What happens when Wikileaks speaks…

17 Aug

The news about Wikileaks publishing thousands of leaked army documents hit when I was overseas.  While it certainly seemed significant to me, I just didn’t have a lot of time to read more about it. Now that I’ve been back for a couple of weeks, I’ve taken the time to research the situation a little more.

This is a real life journalism ethical situation, unfolding on a massive scale. I haven’t taken any type of class yet that can help me decide what I think about this. But I have my own moral compass and common sense, which I guess count for something.

Do I think the American people, and the world for that matter, have a right to know what’s really been going on in Afghanistan? Absolutely. Do I think the government will ever tell us/them? Absolutely not. So, in a way, it seems like Julian Assange’s actions were necessary. But that doesn’t mean I completely approve of what he’s done.

Powerful? Check. Ethical? Maybe not so much...

I guess the biggest question on my mind is, Will the publishing of these documents result in unnecessary death and violence? Answer: The jury’s still out.  The Pentagon and the White House, of course, are screaming bloody murder, claiming that this leak will compromise their reputation, operations and countless lives. But how much of that is true and how much of that is embarrassment at being caught with their pants down? Part of me thinks that the latter plays more of a role than the government will ever admit.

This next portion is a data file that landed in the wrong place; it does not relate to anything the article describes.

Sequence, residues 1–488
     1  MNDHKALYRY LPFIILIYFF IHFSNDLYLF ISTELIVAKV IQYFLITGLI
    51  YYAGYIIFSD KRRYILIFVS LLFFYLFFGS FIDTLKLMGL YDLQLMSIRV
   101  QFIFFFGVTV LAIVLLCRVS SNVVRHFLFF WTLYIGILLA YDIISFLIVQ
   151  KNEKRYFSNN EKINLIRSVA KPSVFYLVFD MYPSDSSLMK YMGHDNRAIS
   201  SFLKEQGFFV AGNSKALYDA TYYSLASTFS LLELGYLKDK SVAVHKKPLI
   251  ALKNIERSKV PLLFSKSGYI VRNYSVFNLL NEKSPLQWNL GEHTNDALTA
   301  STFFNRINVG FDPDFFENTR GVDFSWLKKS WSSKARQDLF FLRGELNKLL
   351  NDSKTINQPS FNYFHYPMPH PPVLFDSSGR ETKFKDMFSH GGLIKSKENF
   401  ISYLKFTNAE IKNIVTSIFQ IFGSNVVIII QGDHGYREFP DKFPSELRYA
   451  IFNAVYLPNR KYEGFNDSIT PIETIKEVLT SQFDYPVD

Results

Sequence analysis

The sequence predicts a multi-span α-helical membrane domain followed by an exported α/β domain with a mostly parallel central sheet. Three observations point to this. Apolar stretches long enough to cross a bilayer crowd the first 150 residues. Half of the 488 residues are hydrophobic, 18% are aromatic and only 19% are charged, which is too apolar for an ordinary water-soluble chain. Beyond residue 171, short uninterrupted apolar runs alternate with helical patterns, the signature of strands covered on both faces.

It’s hard to get a straight answer. All of the sources in the articles that I’ve read are really biased one way or another. Some say that the harm should be quite minimal. And Wikileaks did take efforts to remove especially sensitive information from the documents it published. But another, heavily encrypted file awaits release, and it’s said to contain more significantly more damaging documents.

That brings me to another question and, in truth, the bigger implication of all this. Whether or not this leak results in more Afghani and soldier deaths — which I honestly hope and pray it doesn’t — the potential this represents is what scares, and excites, me the most. Articles say that the encrypted file likely can only be cracked if Assange releases the code. I think, but don’t quote me on this, he has actually threatened to do so if the government attempts to block his website.

That really freaks me out. Should one person, one journalist have so much power and influence? Assange doesn’t seem like an especially dangerous or malicious person to me, but if he can do something like this, someone more menacing and with far worse intentions could likely do the same. How do you stop that? Can we just shut down the Internet? If the government starts censoring like this, where will it all stop?

On the other hand, Wikileaks represents a force for good as well. It can help journalists whose voices are stifled in their native countries get some word out about what is really going on there. And I’m all about the right for freedom of expression.

So what’s my vote? I think I’m going to abstain on this one for now and see what else happens. But, truth be told, my stomach is feeling a little unsettled by the whole mess.

UPDATE: Apparently the verdict is in and the government has decided it overreacted. But it’s still scared about a coming leak.

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